DRC: Interviews With Key Actors on Public Policies for the Protection of HRDs in Africa. Olivier Ndoole

Olivier Ndoole is a human rights defender, but also a defender of defenders. He specializes in environmental and land rights. In 2008, he co-founded Alerte Congolaise pour l’Environnement et les Droits de l’Homme, an advocacy organization alerting to abuses linked to environmental law, illegal trafficking in animals and natural resources, and land rights. He is a member of the Green Lawyers, a group of lawyers working to protect Virunga Park and its inhabitants.

Megan Thomas. December 2023

What are your main activities at the moment as a human rights defender?

In fact, I’m not just a human rights defender but also a lawyer. I work in the field of the environment, especially on climate justice and land rights. As a lawyer, I assist rural defenders to court to defend the land rights of local communities. I also assist environmental defenders.

There are many environmental defenders in the east of the DRC and they face a number of difficulties, not only with armed groups but also with governments, with the issue of oil exploitation and with multinational companies that threaten and arrest defenders in collusion with certain authorities.

I am also working on the issue of land reform and the implementation of a national energy policy in the DRC. In 2008, we set up Alerte Congolaise pour l’Environnement et les Droits de l’Homme (ACEDH), which specialises in the fight against wildlife trafficking around the town and the Virunga town and region. Through the Avocats Verts (green lawyers), we provide legal support to protect the Virunga park, but we also work to provide legal and judicial support for defenders of land rights and the environment.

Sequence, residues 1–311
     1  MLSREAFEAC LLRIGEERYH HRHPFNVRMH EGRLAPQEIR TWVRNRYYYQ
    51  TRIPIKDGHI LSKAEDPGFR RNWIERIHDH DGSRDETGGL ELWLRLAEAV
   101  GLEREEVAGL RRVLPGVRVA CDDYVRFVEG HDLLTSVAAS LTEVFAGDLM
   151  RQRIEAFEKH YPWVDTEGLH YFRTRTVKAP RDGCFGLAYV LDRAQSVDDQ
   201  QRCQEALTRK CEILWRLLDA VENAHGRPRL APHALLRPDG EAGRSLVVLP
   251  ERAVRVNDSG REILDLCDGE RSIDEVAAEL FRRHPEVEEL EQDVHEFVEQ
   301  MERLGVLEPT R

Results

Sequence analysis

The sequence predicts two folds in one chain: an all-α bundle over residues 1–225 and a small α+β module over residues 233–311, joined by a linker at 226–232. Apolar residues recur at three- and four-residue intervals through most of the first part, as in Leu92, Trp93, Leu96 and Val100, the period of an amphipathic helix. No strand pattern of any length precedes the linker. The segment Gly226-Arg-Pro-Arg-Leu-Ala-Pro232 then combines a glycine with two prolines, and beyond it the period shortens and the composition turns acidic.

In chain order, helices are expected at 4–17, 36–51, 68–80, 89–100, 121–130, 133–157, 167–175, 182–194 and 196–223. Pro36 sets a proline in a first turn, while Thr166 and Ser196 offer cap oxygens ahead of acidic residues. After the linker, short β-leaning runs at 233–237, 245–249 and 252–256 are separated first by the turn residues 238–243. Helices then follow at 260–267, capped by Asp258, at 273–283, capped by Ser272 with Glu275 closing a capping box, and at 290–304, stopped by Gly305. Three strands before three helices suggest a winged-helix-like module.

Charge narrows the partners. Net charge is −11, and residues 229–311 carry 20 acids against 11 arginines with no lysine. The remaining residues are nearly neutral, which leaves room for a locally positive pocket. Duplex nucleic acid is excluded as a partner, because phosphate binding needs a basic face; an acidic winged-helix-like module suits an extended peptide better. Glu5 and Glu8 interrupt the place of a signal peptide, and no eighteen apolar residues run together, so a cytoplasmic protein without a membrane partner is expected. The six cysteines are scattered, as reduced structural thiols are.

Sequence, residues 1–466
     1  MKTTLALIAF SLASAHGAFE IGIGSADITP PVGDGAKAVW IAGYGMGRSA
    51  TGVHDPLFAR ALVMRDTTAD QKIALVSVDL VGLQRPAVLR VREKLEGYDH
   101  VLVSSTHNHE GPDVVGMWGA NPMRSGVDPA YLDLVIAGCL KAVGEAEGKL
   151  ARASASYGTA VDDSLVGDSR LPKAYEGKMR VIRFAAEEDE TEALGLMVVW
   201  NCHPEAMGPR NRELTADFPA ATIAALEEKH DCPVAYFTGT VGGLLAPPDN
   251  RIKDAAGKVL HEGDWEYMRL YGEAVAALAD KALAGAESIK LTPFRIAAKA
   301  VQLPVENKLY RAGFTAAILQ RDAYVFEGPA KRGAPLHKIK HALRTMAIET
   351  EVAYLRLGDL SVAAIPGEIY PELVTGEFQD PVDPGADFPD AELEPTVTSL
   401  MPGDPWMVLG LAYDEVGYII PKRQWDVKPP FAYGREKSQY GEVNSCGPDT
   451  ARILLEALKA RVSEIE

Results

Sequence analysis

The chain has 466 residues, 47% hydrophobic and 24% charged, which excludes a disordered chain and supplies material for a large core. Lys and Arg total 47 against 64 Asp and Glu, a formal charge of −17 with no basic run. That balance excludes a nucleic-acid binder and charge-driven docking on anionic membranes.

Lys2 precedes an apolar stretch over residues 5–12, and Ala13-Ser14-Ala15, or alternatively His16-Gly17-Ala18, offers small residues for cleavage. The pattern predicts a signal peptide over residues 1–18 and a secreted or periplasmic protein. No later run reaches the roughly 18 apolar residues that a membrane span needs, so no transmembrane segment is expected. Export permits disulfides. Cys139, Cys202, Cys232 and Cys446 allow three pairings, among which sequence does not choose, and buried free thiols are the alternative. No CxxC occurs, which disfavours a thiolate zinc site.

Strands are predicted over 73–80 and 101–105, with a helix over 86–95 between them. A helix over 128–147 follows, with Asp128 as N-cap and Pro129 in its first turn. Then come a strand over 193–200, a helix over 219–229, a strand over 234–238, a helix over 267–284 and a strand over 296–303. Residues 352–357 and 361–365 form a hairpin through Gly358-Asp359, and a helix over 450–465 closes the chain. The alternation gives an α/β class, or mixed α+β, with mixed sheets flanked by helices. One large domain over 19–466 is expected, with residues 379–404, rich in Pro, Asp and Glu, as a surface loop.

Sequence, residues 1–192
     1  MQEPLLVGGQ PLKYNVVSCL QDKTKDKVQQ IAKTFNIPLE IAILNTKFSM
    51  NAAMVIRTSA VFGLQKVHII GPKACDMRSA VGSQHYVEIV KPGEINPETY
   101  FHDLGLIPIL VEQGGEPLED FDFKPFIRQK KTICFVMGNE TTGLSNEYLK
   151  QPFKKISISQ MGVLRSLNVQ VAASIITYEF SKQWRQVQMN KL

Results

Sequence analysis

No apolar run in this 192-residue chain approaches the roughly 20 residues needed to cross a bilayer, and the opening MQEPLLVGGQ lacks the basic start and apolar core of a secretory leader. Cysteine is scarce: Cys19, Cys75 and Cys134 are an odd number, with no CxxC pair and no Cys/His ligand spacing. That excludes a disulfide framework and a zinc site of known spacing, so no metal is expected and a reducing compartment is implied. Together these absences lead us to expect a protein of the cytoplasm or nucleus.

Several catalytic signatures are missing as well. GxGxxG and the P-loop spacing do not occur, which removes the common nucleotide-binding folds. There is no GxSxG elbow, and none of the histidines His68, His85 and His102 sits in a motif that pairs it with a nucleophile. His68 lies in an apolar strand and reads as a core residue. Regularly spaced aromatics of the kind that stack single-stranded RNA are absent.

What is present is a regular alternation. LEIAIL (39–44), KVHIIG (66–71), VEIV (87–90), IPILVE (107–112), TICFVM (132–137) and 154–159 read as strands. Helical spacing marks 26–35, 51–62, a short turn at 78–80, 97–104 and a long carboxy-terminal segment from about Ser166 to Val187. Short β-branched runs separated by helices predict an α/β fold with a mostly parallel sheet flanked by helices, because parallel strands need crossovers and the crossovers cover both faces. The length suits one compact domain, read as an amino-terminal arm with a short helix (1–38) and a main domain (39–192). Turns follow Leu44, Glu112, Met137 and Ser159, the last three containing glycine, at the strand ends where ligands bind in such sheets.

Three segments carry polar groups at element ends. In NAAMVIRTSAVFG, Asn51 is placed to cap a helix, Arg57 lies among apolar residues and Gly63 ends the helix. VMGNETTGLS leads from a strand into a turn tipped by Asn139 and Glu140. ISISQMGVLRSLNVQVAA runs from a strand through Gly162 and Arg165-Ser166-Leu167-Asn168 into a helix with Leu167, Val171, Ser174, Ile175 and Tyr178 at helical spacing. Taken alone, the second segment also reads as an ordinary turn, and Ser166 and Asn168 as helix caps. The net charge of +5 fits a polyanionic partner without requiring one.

That’s why we were monitoring the process around the national law for the protection of HRDs and were the first organisation to take action on certain articles when it was proposed. When the law came out, although some international organisations welcomed it, we were the first to raise a voice of dissent against it.

What action have you taken to date regarding the limitations of this law?

First of all, we gave a position paper on the bill that we sent to the Senate and the Assembly. We criticised certain articles that were contrary to the protection of environmental and land rights defenders. So we sent this position paper to the national level, to the stakeholders and to the provinces. We also lobbied, held meetings, for example, with the Dutch embassy.

Before the law was promulgated, there were organisations who offered us their support, because they realised that, out of all the environmental campaigners, we were the only organisation that had spoken up about this law and was asking for our views – as we are not involved in any of the working groups – to be taken into account by the working groups developing the law. They shared a note with us with which they wanted to call upon parliament to analyse the situation. It was a draft in which we included our elements, but then they were informed that the law had already been promulgated. They stopped the note they had shared with us and it was just three days later that we saw the law promulgated and published in the official gazette.

After that, organisations welcomed the initiative. There was a workshop in Kinshasa with international organisations which congratulated and thanked the authorities. We gave a counter voice in Goma to say that the results that have just come out of this law were not the results envisaged by the defenders. It’s true that I’ve had discussions with some of these organisations to tell them about these concerns.